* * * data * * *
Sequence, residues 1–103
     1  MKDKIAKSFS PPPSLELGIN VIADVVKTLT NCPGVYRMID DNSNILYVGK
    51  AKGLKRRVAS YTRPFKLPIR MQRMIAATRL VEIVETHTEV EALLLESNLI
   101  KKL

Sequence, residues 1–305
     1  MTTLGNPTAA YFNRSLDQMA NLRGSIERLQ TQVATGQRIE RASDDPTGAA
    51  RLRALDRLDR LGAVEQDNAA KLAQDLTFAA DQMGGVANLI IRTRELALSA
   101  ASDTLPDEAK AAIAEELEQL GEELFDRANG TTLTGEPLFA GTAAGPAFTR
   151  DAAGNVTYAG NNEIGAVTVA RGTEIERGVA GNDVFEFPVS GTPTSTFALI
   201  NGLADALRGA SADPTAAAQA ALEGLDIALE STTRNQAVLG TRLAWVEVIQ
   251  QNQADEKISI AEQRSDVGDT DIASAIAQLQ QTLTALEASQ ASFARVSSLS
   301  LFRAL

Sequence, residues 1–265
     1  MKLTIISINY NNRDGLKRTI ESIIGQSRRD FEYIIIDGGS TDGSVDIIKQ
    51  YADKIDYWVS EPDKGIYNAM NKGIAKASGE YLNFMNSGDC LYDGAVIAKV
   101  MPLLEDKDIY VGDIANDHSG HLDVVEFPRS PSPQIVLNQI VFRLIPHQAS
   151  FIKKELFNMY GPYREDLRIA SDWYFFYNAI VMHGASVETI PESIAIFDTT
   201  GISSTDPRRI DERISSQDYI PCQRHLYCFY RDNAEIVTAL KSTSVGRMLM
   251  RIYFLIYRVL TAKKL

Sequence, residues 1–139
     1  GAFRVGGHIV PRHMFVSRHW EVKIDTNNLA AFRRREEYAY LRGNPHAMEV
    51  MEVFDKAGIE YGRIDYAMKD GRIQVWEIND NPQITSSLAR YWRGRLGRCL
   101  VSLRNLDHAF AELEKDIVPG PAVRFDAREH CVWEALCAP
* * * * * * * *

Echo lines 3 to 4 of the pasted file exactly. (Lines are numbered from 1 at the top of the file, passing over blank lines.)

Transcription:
    51  AKGLKRRVAS YTRPFKLPIR MQRMIAATRL VEIVETHTEV EALLLESNLI
   101  KKL